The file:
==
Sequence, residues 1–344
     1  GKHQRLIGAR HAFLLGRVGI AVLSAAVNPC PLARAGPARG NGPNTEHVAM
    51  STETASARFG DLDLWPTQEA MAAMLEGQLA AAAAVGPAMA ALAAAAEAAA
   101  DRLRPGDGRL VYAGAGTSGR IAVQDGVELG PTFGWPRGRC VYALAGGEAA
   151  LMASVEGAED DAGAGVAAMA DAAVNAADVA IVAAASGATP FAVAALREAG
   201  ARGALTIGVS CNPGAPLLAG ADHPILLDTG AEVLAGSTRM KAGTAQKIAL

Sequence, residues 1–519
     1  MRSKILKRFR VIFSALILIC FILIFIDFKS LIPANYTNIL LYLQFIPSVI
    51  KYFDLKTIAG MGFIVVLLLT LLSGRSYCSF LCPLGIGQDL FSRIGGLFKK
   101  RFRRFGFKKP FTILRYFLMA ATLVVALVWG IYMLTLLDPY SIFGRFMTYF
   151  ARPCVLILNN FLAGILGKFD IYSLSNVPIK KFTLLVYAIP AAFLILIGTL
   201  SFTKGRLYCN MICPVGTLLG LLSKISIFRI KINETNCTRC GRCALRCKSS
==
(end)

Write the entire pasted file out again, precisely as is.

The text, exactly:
Sequence, residues 1–344
     1  GKHQRLIGAR HAFLLGRVGI AVLSAAVNPC PLARAGPARG NGPNTEHVAM
    51  STETASARFG DLDLWPTQEA MAAMLEGQLA AAAAVGPAMA ALAAAAEAAA
   101  DRLRPGDGRL VYAGAGTSGR IAVQDGVELG PTFGWPRGRC VYALAGGEAA
   151  LMASVEGAED DAGAGVAAMA DAAVNAADVA IVAAASGATP FAVAALREAG
   201  ARGALTIGVS CNPGAPLLAG ADHPILLDTG AEVLAGSTRM KAGTAQKIAL

Sequence, residues 1–519
     1  MRSKILKRFR VIFSALILIC FILIFIDFKS LIPANYTNIL LYLQFIPSVI
    51  KYFDLKTIAG MGFIVVLLLT LLSGRSYCSF LCPLGIGQDL FSRIGGLFKK
   101  RFRRFGFKKP FTILRYFLMA ATLVVALVWG IYMLTLLDPY SIFGRFMTYF
   151  ARPCVLILNN FLAGILGKFD IYSLSNVPIK KFTLLVYAIP AAFLILIGTL
   201  SFTKGRLYCN MICPVGTLLG LLSKISIFRI KINETNCTRC GRCALRCKSS